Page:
Beto sparks excitement in Jefferson Co. after success here in November
Just last November, Beto O’Rourke’s surprisingly robust but ultimately failed Senate campaign resonated with a slim majority of Jefferson County voters.
So when the former El Paso congressman announced Thursday that he will run for president, local Democratic Party leaders got excited all over again.
“He’s a friend to this area,” county Democratic Party chairman Cade Bernsen said. “It would be great for him to be president. I’m confident he wouldn’t forget Southeast Texas.”
And that could pay off down the road, Bernsen said, perhaps during recovery from the region’s next natural disaster.
O’Rourke stayed in touch with him and a few other Southeast Texans during Tropical Storm Harvey and visited people’s homes in the aftermath to understand the destruction first-hand, Bernsen said. But he didn’t want cameras or reporters to document the visits, something that’s stuck with the local party leader.
“He did all that stuff outside of the camera shots,” Bernsen said. “He was not coming down and doing fake photo ops and doing all that stuff for campaign purposes. He wanted people to know he was authentic and actually cared about the area.”
Jefferson County Clerk Carolyn Guidry, the county’s highest-ranking Democrat, considered O’Rourke a “wonderful candidate” for Senate and noted that “he doesn’t meet strangers,” a trait that goes far in this area.
But Guidry said she’ll wait to predict his level of success in Southeast Texas until he gives more detail on his presidential platform.
O’Rourke won 50 percent of Jefferson County’s votes in the Senate run, compared to incumbent Republican Ted Cruz’s 49.5 percent. The local difference locally was less than 500 votes. O’Rourke ultimately lost to Cruz by 2.6 percentage points.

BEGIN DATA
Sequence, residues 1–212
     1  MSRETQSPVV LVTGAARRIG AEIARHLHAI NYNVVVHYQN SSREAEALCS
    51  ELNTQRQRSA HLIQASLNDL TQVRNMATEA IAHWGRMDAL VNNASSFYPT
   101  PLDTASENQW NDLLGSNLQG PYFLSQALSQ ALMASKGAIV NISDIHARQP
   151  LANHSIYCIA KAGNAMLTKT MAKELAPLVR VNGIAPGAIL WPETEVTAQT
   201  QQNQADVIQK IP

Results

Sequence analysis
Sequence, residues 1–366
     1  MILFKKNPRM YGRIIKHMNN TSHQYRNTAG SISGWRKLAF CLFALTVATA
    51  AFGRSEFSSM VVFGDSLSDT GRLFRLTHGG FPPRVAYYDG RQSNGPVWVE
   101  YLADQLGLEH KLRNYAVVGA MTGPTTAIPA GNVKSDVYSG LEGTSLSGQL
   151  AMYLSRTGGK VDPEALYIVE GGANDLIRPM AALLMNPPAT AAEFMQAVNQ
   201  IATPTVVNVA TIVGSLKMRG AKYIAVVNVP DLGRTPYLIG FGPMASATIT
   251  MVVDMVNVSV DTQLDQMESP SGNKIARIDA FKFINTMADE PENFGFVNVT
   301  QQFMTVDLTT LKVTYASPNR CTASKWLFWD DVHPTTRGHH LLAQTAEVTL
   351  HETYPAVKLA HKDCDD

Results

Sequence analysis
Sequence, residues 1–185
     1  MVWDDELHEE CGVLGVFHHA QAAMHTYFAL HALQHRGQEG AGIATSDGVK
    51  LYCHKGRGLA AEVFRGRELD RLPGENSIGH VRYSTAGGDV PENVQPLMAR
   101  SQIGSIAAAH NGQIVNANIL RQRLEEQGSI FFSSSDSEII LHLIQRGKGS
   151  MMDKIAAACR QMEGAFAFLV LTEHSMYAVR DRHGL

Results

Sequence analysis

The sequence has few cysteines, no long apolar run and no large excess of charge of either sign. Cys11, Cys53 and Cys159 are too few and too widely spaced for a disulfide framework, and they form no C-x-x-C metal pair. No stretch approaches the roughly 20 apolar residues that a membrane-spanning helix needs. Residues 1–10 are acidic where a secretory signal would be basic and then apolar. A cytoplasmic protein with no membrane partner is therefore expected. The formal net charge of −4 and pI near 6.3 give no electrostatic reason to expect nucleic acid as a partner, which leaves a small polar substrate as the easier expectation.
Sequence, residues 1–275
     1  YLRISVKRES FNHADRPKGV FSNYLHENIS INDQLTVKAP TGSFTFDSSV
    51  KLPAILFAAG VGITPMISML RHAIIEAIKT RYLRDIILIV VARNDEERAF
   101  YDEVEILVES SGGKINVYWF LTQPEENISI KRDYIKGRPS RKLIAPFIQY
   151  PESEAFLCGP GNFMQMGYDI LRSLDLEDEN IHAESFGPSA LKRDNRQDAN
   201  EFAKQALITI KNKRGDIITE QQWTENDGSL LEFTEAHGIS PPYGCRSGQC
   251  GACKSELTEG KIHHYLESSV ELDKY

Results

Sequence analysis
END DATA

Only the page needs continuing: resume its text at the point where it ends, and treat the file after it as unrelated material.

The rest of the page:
With nearly a year until the presidential primaries, O’Rourke and others in the already crowded Democratic field of candidates will have many obstacles to overcome in pursuit of the party’s nomination.
But he already has enough momentum to catch the attention not only of politicians but also political scientists.
“O’Rourke is a candidate that can generate enthusiasm from Democrats in a way that not many other Democrats can,” said University of Houston political science professor Brandon Rottinghaus. “Despite the fact that there are so many candidates running, he’s the kind of candidate that inspires people.”
Rottinghaus said President Donald Trump’s low approval rating with independent voters could be key for an O’Rourke victory, should he win the party’s nomination.
“If it’s the case that independents come out in big numbers and Texas Democrats also rally around O’Rourke, it could be a game-changer for the Democrats and it’s all because of Donald Trump’s unpopularity,” he said. “Cruz was unpopular, but that was intensified by Donald Trump being in the White House.”
O’Rourke may have a legitimate shot at winning over Jefferson County voters, but it’s unclear how he’ll fare with more progressive voters across the country.
While in Congress, he joined the New Democratic Coalition, considered a more centrist group than the Congressional Progressive Caucus.
He also was one of just 28 Democrats in 2015 to give then-President Barack Obama authority to fast-track negotiations for international free trade deals. He also has not been for “Medicare-for-all” policies similar to what U.S. Sen. Bernie Sanders and other Democrats in the field have expressed support for.
Even if O’Rourke loses the Democratic primary, Rottinghaus said his intent to run and the energy it’s likely to create in the party will be felt down the ballot with wins for Democrats in local races, similar to what was seen in 2018.
“His decision translates to identifying volunteers and financial targets and encouraging good, qualified candidates to run,” he said. “There was a slate of good candidates that ran in 2018 that wouldn’t have if they didn’t sense there was some value in running. That’s what O’Rourke can once again provide.”
Rottinghaus said state residents should also be prepared to be inundated by even more political advertisements as candidates fight over a state he says nearly counterbalances California in Electoral College votes and could be “at play” for the first time in some two decades.
Jeremy Wallace of the Houston Chronicle contributed.